Fringe: Season 5
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Fringe: The Complete Fifth Season (DVD)
The critically acclaimed and fan-favorite series, FRINGE, returns for its fifth and final season to deliver a climactic conclusion... in all worlds. Picking up from events depicted in season four’s flash-forward episode (“Letters of Transit”), the seemingly peaceful Observers seized control of our universe in 2015. Now, in 2036, they have become ruthless rulers who stand unopposed. What awaits in the future, however, is the Fringe Team’s final stand, which will bring together all they have witnessed in preparation for the final battle to protect our world. Joining Fringe scientist Walter Bishop, FBI agent Olivia Dunham, Peter Bishop and the Fringe team is Olivia and Peter’s now-grown daughter, Etta, in a final season filled with struggle, surprises and sacrifice.]]>
One of television's most intriguing and provocative science fiction shows comes to an end as Fringe bows out with this set of 13 episodes (on four discs, plus bonus material) from its fifth season. It's been quite a run, as the members of the multi-agency task force at the center of the action (principally Anna Torv as FBI Agent Olivia Dunham, John Noble as the brilliant but erratic Dr. Walter Bishop, and Joshua Jackson as Walter's son Peter) have gone from investigating bizarre phenomena (slugs as big as footballs, teethed parasites that can crush your heart) to figuring out the nuances of a parallel universe and, in this series end game, trying to save the world from their most implacable foe yet. That would be the Observers, a highly advanced species of humans who have invaded Earth (the storyline, which takes place in the year 2036, was introduced in the season four episode "Letters of Transit"). Pasty, shaven-headed (humans call them "Baldies"), and sporting identical dark suits and fedoras, the Observers have sacrificed emotion for intellect, are able to read our minds, and are pumping carbon dioxide into the atmosphere to make it more breathable for themselves. It's a totalitarian nightmare, but our heroes have a solution, of course. Having preserved themselves in amber since the Observers showed up in 2015, they are now free and, joined by Olivia and Peter's now twentysomething daughter (Georgina Haig) and helped along by a couple of renegade Observers, they spend most of the season on a kind of doomsday scavenger hunt for the various elements of a device that will defeat the invaders.
With so much at stake, the overall tone of the show changes somewhat in this final season, with an action-adventure element marked by numerous chase scenes, gunfights, and last-second escapes from the bad guys. At the same time, this is a much more emotional Fringe; as is often the case in such tales, it's human elements like trust, sympathy, and love that distinguish us from other species, and while the finale is filled with complex pseudo-science, it's also very moving, especially when it comes to the relationship between Walter and Peter. Bonus material includes interviews with series creator J.J. Abrams and other members of the cast and crew, episode commentary, deleted scenes, and more. --Sam Graham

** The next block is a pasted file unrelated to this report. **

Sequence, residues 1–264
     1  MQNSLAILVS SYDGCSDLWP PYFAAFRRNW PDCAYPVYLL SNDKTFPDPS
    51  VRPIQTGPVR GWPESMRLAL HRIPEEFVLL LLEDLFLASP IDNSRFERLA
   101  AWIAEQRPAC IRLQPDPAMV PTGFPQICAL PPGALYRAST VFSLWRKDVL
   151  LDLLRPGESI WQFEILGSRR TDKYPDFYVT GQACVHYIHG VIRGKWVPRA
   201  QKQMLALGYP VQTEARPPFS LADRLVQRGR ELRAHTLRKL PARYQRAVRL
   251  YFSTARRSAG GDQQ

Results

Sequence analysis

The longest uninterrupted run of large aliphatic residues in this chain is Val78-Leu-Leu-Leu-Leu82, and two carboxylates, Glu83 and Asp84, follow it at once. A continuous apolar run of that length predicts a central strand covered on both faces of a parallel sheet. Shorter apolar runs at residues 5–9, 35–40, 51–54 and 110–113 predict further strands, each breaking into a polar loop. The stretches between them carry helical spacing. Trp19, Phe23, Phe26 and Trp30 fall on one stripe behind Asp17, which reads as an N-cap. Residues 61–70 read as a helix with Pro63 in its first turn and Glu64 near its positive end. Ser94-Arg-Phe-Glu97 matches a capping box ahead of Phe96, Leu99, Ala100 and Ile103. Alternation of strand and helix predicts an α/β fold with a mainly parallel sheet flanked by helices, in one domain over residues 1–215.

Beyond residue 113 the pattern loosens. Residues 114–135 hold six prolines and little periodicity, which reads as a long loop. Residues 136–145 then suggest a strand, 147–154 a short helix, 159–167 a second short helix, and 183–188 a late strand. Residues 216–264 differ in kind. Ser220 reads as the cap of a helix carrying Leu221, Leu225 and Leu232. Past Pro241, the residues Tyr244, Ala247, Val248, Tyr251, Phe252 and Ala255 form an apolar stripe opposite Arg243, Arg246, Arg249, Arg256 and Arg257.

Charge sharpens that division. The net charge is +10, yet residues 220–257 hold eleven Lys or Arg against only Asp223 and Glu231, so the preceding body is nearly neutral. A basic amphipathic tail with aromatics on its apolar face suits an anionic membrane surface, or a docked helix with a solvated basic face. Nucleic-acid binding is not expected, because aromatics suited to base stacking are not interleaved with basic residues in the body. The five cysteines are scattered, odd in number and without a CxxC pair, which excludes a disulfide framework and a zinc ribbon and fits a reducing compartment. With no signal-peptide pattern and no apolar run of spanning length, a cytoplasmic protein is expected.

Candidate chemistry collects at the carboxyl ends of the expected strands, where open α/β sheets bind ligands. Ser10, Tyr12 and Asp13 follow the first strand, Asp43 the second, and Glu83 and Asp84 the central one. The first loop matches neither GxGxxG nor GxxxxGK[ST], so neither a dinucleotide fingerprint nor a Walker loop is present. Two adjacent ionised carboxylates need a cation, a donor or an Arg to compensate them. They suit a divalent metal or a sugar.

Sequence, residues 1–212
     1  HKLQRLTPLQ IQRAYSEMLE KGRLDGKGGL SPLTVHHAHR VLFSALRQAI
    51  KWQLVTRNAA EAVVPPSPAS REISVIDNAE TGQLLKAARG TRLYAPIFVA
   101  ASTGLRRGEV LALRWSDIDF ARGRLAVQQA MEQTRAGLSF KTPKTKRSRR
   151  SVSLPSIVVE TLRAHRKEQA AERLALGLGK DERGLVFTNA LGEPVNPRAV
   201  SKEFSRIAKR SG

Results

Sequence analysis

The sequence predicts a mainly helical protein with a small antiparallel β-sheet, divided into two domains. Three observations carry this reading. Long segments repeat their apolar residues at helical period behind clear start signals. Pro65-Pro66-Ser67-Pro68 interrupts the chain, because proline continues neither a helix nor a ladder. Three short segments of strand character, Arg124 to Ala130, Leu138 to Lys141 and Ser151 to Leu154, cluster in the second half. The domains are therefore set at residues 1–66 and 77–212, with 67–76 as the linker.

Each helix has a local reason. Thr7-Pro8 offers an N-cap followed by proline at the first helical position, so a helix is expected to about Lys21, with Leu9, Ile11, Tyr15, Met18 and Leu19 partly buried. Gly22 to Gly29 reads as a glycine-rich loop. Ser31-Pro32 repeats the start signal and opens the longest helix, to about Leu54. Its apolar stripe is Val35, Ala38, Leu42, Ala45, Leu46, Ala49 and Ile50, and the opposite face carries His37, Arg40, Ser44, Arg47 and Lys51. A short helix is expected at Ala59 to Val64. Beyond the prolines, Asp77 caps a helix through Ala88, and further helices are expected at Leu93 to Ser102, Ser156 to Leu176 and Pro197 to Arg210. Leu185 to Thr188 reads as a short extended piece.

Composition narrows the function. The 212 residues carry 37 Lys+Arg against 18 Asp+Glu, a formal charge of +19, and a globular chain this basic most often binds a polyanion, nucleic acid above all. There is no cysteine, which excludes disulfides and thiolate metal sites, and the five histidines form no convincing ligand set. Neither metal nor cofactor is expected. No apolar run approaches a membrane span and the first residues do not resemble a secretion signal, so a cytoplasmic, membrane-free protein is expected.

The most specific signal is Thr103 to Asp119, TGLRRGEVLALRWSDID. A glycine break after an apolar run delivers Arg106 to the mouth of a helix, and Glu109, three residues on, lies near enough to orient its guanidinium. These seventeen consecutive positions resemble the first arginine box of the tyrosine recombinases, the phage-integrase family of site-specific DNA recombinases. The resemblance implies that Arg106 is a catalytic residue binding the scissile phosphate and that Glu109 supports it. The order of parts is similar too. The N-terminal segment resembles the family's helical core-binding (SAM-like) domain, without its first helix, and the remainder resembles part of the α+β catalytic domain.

Top customer reviews
Not unlike "LOST," producer J.J. Abrahms just can't seem to stay focused on one thing long enough to do right by it. He launches out of the starting gate and takes a strong lead but then seems to get winded, stumbles a bit and then before you know it you are just going "WTF?" as something that started out great just kind of coasts to the finish line on fumes. I like Peter & Olivia. I also grew to care about Astrid and even Broyles and I simply ADORE Walter. He is such a fully-realized amazing character. I could watch a show where he just sits around and talks for an hour. He's that interesting and funny. ALL of these wonderful, diverse and interestingly flawed characters deserved much, much better than what they got. But it is what it is. *SIGH* Farewell, Walter. You will be missed.
However, recently I watched two series that ended with a proper conclusion. The first was the BBC's Merlin and the second was Fringe, and I have watched all five seasons but will only write one review and post it for Season Five.
Watching a TV series on DVD allows the fan to watch episodes close together sometimes several at a time. I have discovered that this has caused me to become more attached to the characters and actually miss them when a series ends--as if the characters were old friends who are now gone.
Fringe--all 100 episodes or almost 75 hours--was a great show with talented actors and a satisfying and unpredictable storyline making the experience even more satisfactory.
All the characters were memorable.
But the standouts were John Noble as the genius scientist Walter Bishop who seems to always be on a drug induced trip of some kind.
Anna Torv plays Olivia Dunham, an FBI agent who was experiment on as a child and has some special mental powers. It wasn't until I watched the commentary added to the end of season five that I discovered she speaks with a British accent. I had no idea she wasn't an American actress--she's that good.
I was also was fond of Jasika Nicole who played Astrid Farnsworth, an FBI agent with a talent for keeping Walter Bishop--who often gets really strange and is easily distracted--calm and focused.
I want to caution you to compare the price of all five seasons in one package with that of each individual season bought separately because sometimes buying the seasons one at a time offers you a better price.
Season five ended with explosive action and tons of plot twisting drama. The relationships between the major characters made this TV series worth watching--all 4,500 minutes. If you haven't watched "Fringe" and you were a fan of "The X-Files", "Altered States", or "The Twilight Zone", what are you waiting for?